- What are their most common objections? List the reasons you hear most often for why your solutions will not meet their needs.
Example Persona Exercise
The best way to explain personas is to use examples.
Let’s talk about Oil/Gas Engineer Evan.
A first step in developing your personas is to select a photo. You don’t have to start with a photo, but each persona is not complete without one. You may choose the headshot of an actual customer who represents the prospects you want to target, or you can Google the job title to get ideas. It is important you get the photo right, and you will find the debate that ensues in the search for the perfect photo is enlightening.
People often have very distinct images of customer personas. They only wear jeans. They wear designer glasses. They are older. Younger. They look nerdy. Cool. Maybe there is one customer in particular who accurately represents the persona segment. You may want to choose a photo showing the persona at work to give context to the application environment. Keep debating until you find the picture of the person everyone agrees on, and take note of the visual cues throughout the process.
Who is he?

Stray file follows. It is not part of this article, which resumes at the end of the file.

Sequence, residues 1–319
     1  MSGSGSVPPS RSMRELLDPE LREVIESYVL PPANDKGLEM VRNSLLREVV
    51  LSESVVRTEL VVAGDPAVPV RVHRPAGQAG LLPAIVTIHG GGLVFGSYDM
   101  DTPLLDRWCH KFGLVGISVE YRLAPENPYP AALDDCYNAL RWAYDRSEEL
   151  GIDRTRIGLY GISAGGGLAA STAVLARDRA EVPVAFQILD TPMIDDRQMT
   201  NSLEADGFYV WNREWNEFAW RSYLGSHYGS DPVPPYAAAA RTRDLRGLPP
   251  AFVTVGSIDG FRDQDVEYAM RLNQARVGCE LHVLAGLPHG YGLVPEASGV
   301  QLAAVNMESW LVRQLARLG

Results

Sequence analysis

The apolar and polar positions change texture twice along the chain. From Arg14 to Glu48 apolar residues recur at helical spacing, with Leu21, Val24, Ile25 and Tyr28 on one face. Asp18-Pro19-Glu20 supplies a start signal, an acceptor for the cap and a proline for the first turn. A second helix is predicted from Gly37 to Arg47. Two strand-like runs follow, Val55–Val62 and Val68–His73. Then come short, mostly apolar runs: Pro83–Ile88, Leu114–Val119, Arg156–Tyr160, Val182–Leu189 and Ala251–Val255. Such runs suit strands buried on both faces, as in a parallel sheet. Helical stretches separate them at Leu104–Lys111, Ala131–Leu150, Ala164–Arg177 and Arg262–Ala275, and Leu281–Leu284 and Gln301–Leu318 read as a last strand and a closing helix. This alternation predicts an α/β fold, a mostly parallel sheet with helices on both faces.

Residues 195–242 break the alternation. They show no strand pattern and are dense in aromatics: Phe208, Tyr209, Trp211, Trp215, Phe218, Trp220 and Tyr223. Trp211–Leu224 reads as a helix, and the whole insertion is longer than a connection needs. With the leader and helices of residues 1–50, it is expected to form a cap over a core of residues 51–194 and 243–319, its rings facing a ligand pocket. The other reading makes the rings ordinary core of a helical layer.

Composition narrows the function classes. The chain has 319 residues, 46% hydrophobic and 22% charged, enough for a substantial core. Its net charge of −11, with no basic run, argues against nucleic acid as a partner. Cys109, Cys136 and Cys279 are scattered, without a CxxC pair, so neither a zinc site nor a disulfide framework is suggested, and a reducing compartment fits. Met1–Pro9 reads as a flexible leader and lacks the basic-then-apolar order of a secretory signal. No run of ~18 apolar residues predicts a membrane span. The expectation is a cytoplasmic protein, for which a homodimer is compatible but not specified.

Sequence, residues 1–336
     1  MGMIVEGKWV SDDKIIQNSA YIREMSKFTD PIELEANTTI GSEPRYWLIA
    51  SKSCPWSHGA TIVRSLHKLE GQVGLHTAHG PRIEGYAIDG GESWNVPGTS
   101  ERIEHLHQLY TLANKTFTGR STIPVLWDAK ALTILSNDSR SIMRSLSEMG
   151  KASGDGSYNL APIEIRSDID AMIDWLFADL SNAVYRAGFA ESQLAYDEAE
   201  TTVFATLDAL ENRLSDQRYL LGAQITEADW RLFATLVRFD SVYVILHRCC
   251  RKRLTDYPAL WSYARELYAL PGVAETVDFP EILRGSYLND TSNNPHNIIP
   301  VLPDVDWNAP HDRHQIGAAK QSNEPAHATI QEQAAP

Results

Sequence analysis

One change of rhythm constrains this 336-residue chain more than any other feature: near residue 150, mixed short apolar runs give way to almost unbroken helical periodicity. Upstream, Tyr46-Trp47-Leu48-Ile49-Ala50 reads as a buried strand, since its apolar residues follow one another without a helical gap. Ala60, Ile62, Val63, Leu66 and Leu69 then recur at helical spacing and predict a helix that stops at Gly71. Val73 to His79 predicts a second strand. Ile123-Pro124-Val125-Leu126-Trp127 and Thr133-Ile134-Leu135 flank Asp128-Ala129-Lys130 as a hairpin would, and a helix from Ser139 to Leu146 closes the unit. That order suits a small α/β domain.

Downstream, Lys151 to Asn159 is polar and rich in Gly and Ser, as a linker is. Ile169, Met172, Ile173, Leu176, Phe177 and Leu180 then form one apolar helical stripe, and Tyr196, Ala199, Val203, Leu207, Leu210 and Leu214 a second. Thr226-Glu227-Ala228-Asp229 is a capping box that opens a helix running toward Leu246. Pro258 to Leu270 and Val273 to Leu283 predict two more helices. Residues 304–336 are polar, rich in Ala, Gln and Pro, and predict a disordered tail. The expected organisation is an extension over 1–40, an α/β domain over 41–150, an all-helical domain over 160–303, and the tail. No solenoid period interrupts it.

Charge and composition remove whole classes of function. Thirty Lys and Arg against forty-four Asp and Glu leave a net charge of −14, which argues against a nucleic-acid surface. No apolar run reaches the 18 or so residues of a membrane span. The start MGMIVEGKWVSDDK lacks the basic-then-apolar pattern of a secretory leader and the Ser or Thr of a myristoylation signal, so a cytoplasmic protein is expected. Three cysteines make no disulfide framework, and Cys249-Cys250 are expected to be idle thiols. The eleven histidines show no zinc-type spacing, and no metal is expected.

- Male, 20 years of experience in his field
- Master’s or PhD-level degree
- Early adopter of new technology, deeply knowledgeable in related technologies and systems
- At the No. 2 or 3 market-leading Fortune 1000 company
What is his job?
- Oil/gas exploration
- Stays abreast of new technologies, serves as internal technology expert/consultant
What is a day in his life like?
- Works on manufacturing/engineering processes
- Regularly evaluates technologies to assess their potential for meeting his needs
What are his primary pain points?
- Top concern is system reliability
- Secondary concern is finding the best, most reliable new technology
- Cost is a concern only in a few corner application areas
What does he value most and what are his goals?
- Ease of integrating new technology into his current system
Where does he go for information?
- Trade shows
- Trade journals
- Respected speakers at technical conferences
What type of information does he prefer?
- Lengthy data sheets
- Testing benchmarks